OAA Reauthorization Enables Continuation of Critical Human and Social Services

Since 1965, the Older Americans Act (OAA) has been providing home- and community-based social services to the elderly. These services include everything from food and nutrition programs, in-home services, transportation, legal, elder-abuse prevention and caregiver support. The programs are designed to help seniors stay as independent as possible in their homes and communities. In addition, OAA services help seniors avoid having to be hospitalized or go into a nursing home, saving federal and state funds that otherwise would be spent on such care. 

The OAA provides money to each state based on its share of the nation’s older adults and helps about 11 million people over the age of 60 each year. In 2019 alone, the OAA served more than 700,000 caregivers; and provided seniors across the country with 358 million meals.

However, funding for the program has fallen short over the years, according to the AARP, and has failed to keep up with inflation and the increased demand from an aging population. In fact, the AARP cites that OAA funding increased only 1.1% annually on average – from $1.68 billion in 2001 to $2.06 billion in 2019.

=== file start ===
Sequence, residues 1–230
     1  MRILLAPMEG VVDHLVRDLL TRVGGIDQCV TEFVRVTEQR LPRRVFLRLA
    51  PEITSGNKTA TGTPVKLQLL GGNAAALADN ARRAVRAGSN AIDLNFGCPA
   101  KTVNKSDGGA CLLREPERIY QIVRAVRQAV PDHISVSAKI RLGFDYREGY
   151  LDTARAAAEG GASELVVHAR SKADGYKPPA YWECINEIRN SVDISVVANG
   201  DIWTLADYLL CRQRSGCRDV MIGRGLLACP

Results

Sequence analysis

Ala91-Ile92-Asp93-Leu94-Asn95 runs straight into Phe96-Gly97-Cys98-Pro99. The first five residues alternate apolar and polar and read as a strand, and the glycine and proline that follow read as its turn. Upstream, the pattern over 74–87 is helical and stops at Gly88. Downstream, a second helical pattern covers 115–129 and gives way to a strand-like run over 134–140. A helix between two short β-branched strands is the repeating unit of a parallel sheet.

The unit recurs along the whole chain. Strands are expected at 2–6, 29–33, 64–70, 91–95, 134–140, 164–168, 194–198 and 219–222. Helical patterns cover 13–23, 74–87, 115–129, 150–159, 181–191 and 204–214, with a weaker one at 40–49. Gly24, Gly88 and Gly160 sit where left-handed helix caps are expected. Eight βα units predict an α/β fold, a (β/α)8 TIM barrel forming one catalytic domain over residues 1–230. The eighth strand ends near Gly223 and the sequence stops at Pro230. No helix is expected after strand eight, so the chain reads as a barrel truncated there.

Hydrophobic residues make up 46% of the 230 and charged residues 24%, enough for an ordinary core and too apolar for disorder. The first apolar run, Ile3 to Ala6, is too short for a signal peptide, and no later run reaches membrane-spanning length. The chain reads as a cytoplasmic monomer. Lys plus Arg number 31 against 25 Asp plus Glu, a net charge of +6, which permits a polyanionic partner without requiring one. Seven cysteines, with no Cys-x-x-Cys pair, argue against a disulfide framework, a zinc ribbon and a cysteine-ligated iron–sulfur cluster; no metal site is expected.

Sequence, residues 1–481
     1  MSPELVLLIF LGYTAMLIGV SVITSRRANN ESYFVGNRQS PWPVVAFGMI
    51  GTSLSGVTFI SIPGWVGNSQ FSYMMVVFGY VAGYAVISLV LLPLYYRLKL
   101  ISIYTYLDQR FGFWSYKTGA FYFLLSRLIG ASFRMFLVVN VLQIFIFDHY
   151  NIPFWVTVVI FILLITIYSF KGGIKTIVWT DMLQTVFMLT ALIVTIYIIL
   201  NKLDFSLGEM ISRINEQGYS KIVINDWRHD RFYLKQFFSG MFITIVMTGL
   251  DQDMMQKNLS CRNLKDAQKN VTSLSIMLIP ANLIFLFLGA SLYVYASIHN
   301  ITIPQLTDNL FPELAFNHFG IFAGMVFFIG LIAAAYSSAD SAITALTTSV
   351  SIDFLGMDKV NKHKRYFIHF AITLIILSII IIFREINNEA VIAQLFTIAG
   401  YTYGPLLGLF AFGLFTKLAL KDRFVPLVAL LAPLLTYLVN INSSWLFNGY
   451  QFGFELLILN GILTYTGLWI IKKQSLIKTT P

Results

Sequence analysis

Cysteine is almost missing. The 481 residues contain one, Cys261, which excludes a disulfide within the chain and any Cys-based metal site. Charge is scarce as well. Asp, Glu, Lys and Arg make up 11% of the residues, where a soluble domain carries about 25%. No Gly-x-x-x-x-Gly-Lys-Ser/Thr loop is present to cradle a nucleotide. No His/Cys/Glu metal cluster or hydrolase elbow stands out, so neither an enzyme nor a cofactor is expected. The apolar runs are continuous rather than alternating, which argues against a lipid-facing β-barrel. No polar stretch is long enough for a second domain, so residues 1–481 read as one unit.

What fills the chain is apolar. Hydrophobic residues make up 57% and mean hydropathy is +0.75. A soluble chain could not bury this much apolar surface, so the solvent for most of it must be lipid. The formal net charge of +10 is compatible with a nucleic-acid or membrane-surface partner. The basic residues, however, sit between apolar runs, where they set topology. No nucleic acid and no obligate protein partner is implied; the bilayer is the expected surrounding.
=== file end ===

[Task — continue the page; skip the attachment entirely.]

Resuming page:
Increased Funding Part of OAA Reauthorization

Both the Congress and Senate introduced separate reauthorizations bills for the OAA following its expiration in September 2019. Both bills extended the OAA and increased funding. While neither bill was passed in 2019, the President in December included in one of the signed appropriations bills to keep the federal government funded a $30 million increase for the OAA above 2019 levels for 2020.

On January 29, 2020, a bipartisan, bicameral reauthorization bill was released called The Supporting the Older Americans Act of 2020, which would reauthorize the law and its programs from 2020-2024. The bill contains a seven percent increase in authorized funds for all OAA programs in 2020 and a six percent increase in subsequent years. There are also a number of provisions in the legislation to improve and modernize the OAA. 

The Senate needs to vote on the bill before it moves to the House and signed into law by the President.

Reauthorization of the OAA is supported by dozens of organizations including the National Association for Home Care & Hospice (NAHC), Leadership Council of Aging Organizations, AARP, the National Area Agencies on Aging (n4a), Advancing States, the National Association of Nutrition and Aging Services Programs (NANASP), National Alliance for Caregiving, Meals on Wheels America, the West Health Institute, the Jewish Federations of North America, and the Alzheimer’s Association.

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Sources: AARP, Meals on Wheels America, NANASP